The facts as we know them:
A list of available SRU servers is maintained by OCLC.
It is very easy to write basic SRU implementations. SOAP toolkits can use a WSDL description to generate protocol code. Then all we have to
do is implement the single client or server SRU method, which translates your query format into an CQL query (client) or a CLQ query into your database query (server).
CQL allows you to specify the format of the result set (Dublin Core, MARCXML, etc.). All servers must support Dublin Core and the SRUDiagnostics format.
The query can be a list of attribute-value pairs, or a chunk of XML.
CQL makes a distinction between string search (exact match of a string) and keyword search (finding all words of a string somewhere in the document).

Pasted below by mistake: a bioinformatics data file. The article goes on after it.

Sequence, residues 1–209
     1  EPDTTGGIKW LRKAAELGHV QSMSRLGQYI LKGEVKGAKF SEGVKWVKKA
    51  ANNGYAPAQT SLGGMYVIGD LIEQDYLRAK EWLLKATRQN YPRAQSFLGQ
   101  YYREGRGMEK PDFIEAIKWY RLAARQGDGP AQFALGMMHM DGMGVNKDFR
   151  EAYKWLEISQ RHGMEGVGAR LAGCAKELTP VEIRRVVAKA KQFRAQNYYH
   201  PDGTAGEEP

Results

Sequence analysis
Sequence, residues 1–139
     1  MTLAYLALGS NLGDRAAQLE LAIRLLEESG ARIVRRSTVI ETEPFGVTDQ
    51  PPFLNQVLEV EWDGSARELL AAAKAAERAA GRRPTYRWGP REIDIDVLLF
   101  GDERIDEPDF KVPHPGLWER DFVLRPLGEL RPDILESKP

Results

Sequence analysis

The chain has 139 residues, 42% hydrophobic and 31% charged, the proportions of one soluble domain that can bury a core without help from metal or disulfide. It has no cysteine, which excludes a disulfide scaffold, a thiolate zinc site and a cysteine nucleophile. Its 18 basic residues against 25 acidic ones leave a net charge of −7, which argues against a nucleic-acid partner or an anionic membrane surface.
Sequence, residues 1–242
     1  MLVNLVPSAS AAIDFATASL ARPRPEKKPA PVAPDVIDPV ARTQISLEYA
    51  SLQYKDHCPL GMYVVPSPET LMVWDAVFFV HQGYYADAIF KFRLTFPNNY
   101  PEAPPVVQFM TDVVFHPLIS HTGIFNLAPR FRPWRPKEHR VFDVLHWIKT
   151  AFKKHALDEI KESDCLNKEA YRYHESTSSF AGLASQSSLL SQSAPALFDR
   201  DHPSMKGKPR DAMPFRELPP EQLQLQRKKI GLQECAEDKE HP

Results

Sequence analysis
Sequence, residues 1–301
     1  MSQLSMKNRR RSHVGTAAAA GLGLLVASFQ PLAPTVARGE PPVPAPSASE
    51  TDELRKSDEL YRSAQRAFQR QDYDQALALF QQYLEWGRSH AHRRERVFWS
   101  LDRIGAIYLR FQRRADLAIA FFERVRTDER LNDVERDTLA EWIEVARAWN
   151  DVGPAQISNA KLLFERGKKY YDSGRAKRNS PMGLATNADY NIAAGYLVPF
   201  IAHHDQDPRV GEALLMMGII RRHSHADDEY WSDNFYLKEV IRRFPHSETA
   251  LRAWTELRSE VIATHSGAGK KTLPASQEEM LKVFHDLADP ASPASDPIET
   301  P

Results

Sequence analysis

Bibliographic searching is currently at the proposal stage.
The result set can contain state-preserving information, like the original query or an IP address, for use with lightweight clients.
Records in the result set are encoded as strings, with angle brackets escaped. This doesn't work very well for completely browser-based
clients using SRU, since you lose the ability to apply XPath statements to returned records. This problem will be addressed in a
Servers can/should retain result sets, so they can be referenced later, especially when the client is asking for multiple pages from a
set. A good way to force the server to keep a result set is to "touch" it with the client, and refresh the time.
Authentication/encryption is not built into the protocol, and must be addressed at a higher level. (See general web services literature.)
Contacts: Ralph LeVan (email@example.com), Matthew Dovey
Comparison to other systems: